Over the holiday period, AMD has been embroiled in a bit of controversy. Its all-new flagship GPU is overheating for some users, which has spurred the company to investigate. With most of the tech media on holiday, though, there hasn’t been much new information. However, overclocking wizard De8auer has dug into the issue using four GPU samples, and thinks he’s uncovered the culprit: the card’s vapor chamber.
As a quick recap, it’s been documented that some 7900 XTX owners are seeing GPU hotspot temperatures of 110C. This is the maximum temperature the card can reach, and it’s resulting in thermal throttling and excessive fan noise. That’s not how it’s supposed to work, as even AMD has acknowledged. In most scenarios, the hottest it should get would be around 90C, maybe. Usually, it should be more like 80C or thereabouts. Clearly, something is wrong. It was originally posited that perhaps there wasn’t sufficient mounting pressure. This could be a factor because it has chiplets and uses direct-die cooling. That doesn’t seem to be the case, however, as De8auer’s testing shows.
His latest video is a follow-up to his original testing, where he couldn’t reproduce the issue. For that, he used a single GPU he had on hand. To dig deeper, he purchased four cards from his followers that were experiencing the issue. All four GPUs were being used differently, such as horizontal versus vertical mount, in a case versus open-air test bench, etc. The first big discovery was when he tested the cards vertically mounted. None of them were able to reach the 110C hotspot that’s been in the news. However, when he changed it to a horizontal mount, two cards hit 110C in just minutes. He also noted the cards’ fans were spinning up to 1,000rpm faster in horizontal mount as well.
So what is it about the horizontal mount that’s part of the problem? The first theory was since the cooler is being pulled down by gravity in this orientation, it’s causing a minuscule gap between the cooler and the GPU. To test this, he laser cut an acrylic stand that would hold the cooler in place during testing. This eliminates any sag the GPU might have been experiencing. Interestingly, the acrylic stand had almost no effect on temperatures. The same two GPUs still hit 110C, so gravity was ruled out as a factor. He also ruled out the plate that sits between the PCB and the cooler as a factor as well. He also used longer screws to increase mounting pressure but to no avail.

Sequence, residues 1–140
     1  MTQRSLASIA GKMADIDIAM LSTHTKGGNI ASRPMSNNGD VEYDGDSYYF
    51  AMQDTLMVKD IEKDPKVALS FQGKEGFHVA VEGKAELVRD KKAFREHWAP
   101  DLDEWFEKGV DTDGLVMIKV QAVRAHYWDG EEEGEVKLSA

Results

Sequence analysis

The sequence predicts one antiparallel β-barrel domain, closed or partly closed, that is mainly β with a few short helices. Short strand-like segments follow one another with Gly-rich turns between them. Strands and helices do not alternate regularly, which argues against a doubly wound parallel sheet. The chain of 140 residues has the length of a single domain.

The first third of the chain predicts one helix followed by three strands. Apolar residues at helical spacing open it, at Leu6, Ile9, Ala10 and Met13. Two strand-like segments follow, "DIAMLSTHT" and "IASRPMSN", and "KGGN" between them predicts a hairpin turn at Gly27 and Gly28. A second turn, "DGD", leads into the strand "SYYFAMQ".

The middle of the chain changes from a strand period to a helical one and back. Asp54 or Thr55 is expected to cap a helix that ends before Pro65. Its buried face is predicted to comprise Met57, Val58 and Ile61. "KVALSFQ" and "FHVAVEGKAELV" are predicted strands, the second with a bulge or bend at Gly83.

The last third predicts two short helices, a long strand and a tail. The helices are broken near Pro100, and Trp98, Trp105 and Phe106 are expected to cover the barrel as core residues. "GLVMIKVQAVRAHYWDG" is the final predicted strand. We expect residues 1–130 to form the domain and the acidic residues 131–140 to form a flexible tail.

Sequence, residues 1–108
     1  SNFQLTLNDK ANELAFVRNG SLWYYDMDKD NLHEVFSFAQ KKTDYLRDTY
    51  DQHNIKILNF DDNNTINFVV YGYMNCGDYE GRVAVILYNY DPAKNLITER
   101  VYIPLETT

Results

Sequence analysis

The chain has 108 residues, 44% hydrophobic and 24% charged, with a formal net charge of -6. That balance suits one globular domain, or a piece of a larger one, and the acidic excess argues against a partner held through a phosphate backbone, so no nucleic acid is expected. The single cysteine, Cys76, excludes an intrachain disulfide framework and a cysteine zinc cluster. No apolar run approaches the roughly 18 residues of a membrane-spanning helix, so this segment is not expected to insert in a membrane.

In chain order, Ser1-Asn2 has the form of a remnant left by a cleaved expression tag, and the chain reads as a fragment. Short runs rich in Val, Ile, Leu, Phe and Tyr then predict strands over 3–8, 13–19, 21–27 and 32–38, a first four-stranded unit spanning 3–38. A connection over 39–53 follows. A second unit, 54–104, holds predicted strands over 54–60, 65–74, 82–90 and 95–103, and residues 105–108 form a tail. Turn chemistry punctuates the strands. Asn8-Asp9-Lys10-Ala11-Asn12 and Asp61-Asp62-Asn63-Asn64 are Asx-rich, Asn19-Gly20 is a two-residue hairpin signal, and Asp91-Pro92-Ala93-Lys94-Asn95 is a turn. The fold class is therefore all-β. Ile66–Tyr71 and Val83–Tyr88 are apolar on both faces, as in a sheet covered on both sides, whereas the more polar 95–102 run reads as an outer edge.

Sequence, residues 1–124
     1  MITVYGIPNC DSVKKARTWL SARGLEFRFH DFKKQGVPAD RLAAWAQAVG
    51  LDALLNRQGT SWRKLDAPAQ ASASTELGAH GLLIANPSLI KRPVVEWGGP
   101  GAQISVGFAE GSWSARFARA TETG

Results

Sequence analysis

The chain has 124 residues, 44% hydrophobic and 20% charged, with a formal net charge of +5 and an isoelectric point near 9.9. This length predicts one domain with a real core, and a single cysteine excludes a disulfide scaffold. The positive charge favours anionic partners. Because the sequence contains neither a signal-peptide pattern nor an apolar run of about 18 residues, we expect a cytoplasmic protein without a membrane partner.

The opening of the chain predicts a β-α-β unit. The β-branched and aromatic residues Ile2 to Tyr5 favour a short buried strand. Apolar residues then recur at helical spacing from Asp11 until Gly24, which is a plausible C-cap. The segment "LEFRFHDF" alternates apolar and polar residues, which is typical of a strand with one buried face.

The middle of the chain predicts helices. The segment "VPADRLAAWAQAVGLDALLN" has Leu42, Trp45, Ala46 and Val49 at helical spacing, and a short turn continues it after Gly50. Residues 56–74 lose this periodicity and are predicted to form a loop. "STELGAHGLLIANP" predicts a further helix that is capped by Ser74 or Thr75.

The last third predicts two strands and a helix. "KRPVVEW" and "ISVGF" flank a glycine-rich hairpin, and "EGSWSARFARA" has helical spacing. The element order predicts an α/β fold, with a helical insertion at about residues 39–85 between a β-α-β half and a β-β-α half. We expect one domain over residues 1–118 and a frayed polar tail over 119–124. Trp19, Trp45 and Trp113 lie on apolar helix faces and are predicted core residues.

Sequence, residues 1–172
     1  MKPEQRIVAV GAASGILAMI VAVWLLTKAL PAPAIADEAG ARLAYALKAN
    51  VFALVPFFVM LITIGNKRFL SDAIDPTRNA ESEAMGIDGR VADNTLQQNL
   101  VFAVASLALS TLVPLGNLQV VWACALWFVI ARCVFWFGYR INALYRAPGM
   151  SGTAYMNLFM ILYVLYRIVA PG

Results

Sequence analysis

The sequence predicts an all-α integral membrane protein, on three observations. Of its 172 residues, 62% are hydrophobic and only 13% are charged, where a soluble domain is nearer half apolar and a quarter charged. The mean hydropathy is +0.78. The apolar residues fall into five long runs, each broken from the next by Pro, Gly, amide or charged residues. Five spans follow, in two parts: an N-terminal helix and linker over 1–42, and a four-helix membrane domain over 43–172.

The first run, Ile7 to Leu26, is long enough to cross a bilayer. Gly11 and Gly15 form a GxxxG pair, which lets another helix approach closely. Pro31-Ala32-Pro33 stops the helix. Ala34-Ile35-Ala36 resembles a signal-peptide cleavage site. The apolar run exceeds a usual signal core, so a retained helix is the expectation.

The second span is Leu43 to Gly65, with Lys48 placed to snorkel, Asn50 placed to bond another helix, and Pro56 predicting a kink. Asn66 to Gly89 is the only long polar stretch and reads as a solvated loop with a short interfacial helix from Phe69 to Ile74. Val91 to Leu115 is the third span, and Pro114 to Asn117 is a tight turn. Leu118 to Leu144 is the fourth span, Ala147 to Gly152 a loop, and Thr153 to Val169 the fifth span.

Finally, he decided to flip the GPU from vertical to horizontal while it was running. Lo and behold, it went from behaving normally to 110C hotspot in just three minutes. What’s even more interesting is he then flipped it back to vertical and the temperatures remained high.
This leaves just one possible thing to blame: the vapor chamber. This is essentially a heat pipe, where liquid vaporizes when it gets hot, then condenses back into liquid when it’s further away from the heat source. This cycle repeats endlessly when the card is being used.
He theorizes it could be the pressure inside the chamber could be incorrect, or there could be an incorrect volume of liquid. Either that or something inside prevents the liquid from traveling back to the heat source. Either way, in De8auer’s eyes, it is the vapor chamber, as every other variable has been eliminated. This means it was manufactured incorrectly, so there’s no way to fix it with a firmware or driver updates.
Since it has now been acknowledged publicly here: https://youtu.be/X87OzJ3bU7o?t=165 , is there a tool to check the SN affected?
If not, what is the recommended route to get support through AMD's website?